1) VsStrauss: Straussian interpretations have been criticized on a number of grounds. One is that they rely on the sort of supposed ‘insider’s knowledge’ that is available only to those who have been initiated into the mysteries of Straussian interpretation (and who in turn conveniently dismiss criticisms by non-Straussian outsiders as being hopelessly ignorant and uninformed).
2) VsStrauss: Another is that they assume, without argument or evidence, that the ‘real’ text does not correspond, point for point, to the written and publicly available ‘exoteric’ text; the real or ‘esoteric’ text remains hidden from public view, its meaning inaccessible to the uninitiated and unworthy.


1. Strauss, Leo, 1952. Persecution and the Art of Writing. Glencoe, IL: Free.
2. Strauss, Leo, 1953. Natural Right and History. Chicago: University of Chicago Press.

Ball, Terence. 2004. „History and the Interpretation of Texts“. In: Gaus, Gerald F. 2004. Handbook of Political Theory. SAGE Publications.

StraussDFr I
David Friedrich Strauss
Der alte und der neue Glaube Hamburg 2012


Gaus I
Gerald F. Gaus
Chandran Kukathas
Handbook of Political Theory London 2004
Liberalism Barber Brocker I 681
Liberalism/BarberVsLiberalism/Barber: Thesis: in American democracy reigns a "lobbyist policy" "politics of images", a "politics of mass society" instead of genuine citizen participation. (written in 1984). (1) Liberalism or the concept of representation associated with liberalism, which destroys participation, was responsible for this. (2)
Brocker I 682
Liberal Democracy/Barber: focuses on individual rights and an electoral government. Problem: liberalism misunderstood "politics as keeping predators".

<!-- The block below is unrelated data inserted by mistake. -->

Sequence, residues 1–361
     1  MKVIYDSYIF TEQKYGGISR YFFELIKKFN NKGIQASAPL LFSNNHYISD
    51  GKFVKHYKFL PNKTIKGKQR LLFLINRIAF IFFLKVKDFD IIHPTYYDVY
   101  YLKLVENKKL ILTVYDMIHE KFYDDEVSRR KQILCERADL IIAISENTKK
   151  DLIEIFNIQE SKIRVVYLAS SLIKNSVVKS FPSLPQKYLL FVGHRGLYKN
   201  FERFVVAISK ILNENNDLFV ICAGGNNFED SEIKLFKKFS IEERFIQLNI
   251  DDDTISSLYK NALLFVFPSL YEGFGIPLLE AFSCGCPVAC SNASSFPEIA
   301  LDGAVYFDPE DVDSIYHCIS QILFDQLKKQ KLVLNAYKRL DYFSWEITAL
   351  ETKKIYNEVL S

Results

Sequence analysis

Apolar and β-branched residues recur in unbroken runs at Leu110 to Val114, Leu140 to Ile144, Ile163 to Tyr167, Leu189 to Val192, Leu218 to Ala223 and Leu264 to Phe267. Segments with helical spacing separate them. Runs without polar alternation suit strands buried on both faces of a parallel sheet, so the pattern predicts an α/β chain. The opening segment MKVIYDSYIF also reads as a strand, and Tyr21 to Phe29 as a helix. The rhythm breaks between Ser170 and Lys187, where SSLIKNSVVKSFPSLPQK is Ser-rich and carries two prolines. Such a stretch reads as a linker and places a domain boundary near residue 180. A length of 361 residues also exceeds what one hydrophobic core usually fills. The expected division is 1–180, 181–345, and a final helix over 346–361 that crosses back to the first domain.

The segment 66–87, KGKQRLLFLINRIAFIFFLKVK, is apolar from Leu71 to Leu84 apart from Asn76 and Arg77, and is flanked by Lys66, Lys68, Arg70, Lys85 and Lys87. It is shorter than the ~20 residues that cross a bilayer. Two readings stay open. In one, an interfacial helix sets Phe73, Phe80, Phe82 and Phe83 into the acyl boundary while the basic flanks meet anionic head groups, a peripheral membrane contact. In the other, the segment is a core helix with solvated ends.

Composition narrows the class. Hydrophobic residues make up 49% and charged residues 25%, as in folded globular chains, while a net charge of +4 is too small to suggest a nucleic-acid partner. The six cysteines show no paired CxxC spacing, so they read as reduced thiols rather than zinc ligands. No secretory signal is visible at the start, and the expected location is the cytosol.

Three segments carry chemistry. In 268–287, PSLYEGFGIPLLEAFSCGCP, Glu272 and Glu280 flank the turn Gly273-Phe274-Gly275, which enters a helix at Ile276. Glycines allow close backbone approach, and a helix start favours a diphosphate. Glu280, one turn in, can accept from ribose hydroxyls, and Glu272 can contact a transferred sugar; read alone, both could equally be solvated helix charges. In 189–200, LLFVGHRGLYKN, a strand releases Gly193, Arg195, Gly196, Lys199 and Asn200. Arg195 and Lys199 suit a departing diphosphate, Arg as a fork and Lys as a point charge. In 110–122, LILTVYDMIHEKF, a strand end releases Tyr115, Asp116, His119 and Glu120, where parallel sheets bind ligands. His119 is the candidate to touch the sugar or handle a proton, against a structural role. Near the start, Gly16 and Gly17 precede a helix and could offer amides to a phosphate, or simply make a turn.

Brocker I 683
The core of liberalism is an instrumental understanding of democracy. Politics is then there to protect individuals against external interference and to achieve this protection in such a way that it is compatible with the supposedly unchanging characteristics of individuals. Liberalism tends to summarize the characteristics of individuals in pessimistic descriptions.
Brocker I 684
Liberalism/Barber: the pre-conceptual framework is characterized by ideas such as "property", "territory", "borders", "sanctions", "freedom" and "power". Aspects such as human interdependence, mutual assistance, cooperation, membership, brotherhood, community and citizenship are neglected. (3) Method/Liberalism/Barber: the methodology of liberalism is a "Cartesian" one, i.e. knowledge is gained through the application of a reliable method.
BarberVsLiberalism: Politics is not the application of truth to the problem of human relationships, but the application of human relationships to the problem of truth. (4)
Brocker I 685
BarberVsLiberal Democracy: thesis: liberalism creates a type of person whose psyche is susceptible to the totalitarian temptation by throwing the human back on itself. (Haus: here parallels to Hannah Arendt's thinking are revealed.) Nevertheless: BarberVsArendt/BarberVsStrauss, Leo: these are nostalgic theories. (5)


1. Benjamin Barber, Strong Democary, Participatory Politics for a New Age, Berkeley CA, 1984, Dt. Benjamin Barber, Starke Demokratie. Über die Teilhabe am Politischen, Hamburg 1994, S. 12.
2. Ebenda S. 13.
3. Benjamin Barber Strong Democray. Participatory Politics for a New Age. Twentieth-anniversary edition, Berkeley/Los Angeles/London 2003 S. 34f.
4. Ibid. p. 64f.
5. Ibid. p. 100.
Michael Haus, „Benjamin Barber, Starke Demokratie“ in: Manfred Brocker (Hg.) Geschichte des politischen Denkens. Das 20. Jahrhundert. Frankfurt/M. 2018

PolBarb I
Benjamin Barber
The Truth of Power. Intellectual Affairs in the Clinton White House New York 2001


Brocker I
Manfred Brocker
Geschichte des politischen Denkens. Das 20. Jahrhundert Frankfurt/M. 2018